Poll: Americans Don't Know Investment Concepts, Terms

April 7, 2005 (PLANSPONSOR.com) - Only 2% of respondents to a basic investment knowledge test had perfect scores, indicating that American's understanding of investment and financial concepts is poor.

On average, only about 50% of questions were answered correctly, according to American Century, who conducted the “On Plan IQ Test,” which was given to people with investments outside of a company retirement plan.

The Test

According to the survey results, portfolio rebalancing is the concept that confuses investors the most.

When respondents were presented with three true statements about rebalancing, only 13% were able to select the correct response, which was, of course, “all of the above”. While 37% of respondents recognized that rebalancing returns the portfolio back “to its ideal asset allocation mix,” they did not seem to understand other aspects of rebalancing. Most confusing to them was the notion that rebalancing can often entail selling some of the investments that have performed best and buying more of those that have lagged – only 2% of respondents selected this answer, which also was correct.

Respondents were also asked about asset allocation (of which they knew very little about), and common investment terms.

Respondents scored better on questions related to basic investment practices, however. Over 70% understood that a “well-diversified portfolio will experience less volatility,” while 80% understood that tax-deferred means that “taxes are paid at some point in the future. Seventy-three percent of respondents correctly identified the best reason for getting an early start on a long-term investment plan as “the earlier you start, the more time your investments have to work in your favor with compounding.”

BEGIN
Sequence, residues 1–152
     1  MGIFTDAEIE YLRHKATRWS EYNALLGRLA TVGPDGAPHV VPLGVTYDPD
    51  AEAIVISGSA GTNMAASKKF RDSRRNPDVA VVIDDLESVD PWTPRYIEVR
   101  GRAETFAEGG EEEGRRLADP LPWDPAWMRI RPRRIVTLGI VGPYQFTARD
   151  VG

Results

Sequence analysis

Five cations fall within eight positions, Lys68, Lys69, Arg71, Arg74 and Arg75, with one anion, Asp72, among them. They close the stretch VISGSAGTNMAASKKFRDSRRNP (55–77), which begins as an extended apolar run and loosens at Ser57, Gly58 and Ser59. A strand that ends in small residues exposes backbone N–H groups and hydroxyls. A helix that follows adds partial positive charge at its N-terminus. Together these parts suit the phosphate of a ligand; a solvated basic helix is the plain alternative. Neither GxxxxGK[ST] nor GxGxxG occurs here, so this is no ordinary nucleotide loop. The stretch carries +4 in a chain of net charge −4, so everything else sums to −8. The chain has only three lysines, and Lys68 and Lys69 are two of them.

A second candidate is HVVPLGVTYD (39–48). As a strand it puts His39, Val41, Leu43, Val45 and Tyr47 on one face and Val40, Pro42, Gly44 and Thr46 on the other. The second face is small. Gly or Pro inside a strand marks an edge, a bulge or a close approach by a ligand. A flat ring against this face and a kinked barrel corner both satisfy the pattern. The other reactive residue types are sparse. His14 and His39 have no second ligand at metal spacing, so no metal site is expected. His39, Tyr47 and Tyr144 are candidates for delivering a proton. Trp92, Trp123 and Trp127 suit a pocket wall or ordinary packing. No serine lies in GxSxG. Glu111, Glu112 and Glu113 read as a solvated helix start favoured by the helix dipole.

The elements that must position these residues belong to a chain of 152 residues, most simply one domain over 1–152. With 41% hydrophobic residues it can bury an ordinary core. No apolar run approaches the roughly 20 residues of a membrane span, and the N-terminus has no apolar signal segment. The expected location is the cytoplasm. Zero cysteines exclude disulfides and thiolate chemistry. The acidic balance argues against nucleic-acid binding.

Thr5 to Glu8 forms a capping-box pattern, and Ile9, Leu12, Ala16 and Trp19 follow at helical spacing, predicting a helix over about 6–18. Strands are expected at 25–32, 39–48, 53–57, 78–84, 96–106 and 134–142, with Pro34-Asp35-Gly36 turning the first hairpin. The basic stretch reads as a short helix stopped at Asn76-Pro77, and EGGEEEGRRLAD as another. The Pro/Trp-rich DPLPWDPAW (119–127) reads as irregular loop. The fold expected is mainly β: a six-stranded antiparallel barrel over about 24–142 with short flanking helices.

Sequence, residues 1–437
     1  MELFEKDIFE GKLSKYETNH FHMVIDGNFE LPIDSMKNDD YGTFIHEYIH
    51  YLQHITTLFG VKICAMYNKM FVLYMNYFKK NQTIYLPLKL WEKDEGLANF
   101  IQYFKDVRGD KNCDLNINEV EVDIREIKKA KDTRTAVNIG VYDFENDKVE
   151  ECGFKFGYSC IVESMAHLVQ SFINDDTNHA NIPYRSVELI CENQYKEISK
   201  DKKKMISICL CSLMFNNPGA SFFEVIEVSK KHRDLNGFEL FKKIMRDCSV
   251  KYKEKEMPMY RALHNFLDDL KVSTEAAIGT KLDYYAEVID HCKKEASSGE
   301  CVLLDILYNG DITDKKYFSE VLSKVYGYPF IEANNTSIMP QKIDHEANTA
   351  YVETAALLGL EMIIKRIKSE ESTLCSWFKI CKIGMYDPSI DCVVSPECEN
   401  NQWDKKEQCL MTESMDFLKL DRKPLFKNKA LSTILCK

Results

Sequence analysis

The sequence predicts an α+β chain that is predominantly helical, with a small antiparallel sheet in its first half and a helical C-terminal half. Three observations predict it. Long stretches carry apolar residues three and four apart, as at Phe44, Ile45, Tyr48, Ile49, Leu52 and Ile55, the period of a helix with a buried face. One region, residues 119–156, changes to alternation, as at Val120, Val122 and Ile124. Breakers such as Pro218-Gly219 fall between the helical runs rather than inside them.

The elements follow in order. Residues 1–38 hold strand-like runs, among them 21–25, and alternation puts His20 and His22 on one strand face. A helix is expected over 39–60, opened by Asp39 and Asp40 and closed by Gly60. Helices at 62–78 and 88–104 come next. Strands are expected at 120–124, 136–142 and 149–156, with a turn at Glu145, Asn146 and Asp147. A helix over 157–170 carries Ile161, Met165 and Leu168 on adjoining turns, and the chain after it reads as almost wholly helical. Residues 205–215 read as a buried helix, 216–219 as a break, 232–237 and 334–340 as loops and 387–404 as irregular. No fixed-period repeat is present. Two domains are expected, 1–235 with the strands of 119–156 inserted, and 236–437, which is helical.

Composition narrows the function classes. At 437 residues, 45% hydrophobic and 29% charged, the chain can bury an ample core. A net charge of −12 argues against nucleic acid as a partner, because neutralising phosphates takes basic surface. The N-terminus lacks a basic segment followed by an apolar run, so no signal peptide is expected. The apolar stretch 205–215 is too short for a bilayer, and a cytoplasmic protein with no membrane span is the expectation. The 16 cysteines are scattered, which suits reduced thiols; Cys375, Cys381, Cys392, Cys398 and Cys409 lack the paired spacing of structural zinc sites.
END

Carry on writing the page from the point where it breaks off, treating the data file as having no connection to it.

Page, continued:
Ranking Their Knowledge

The survey also shows that at least investors aren’t confident that they actually know a whole lot.When asked to rank their knowledge, the largest portion of participants (31%) rated themselves a three on a five-point scale when asked about their knowledge of basic investment principles. Thirty percent ranked themselves a one or two, while 38% ranked their knowledge as a four or a five.

Social Security

Respondents were also skeptical about Social Security, with many investors not expecting this entitlement program to be a significant source of retirement income. Nearly half of the investors polled (47%) believe that their own savings and investments will be their largest source of income after they retire, while only 13% report that Social Security will provide the largest portion of retirement income.

The survey was conducted by American Century of 807 individuals who have investments outside their company’s retirement plan in individual stocks or stock mutual funds, individual bonds or bond mutual funds, and other mutual funds such as money market mutual funds.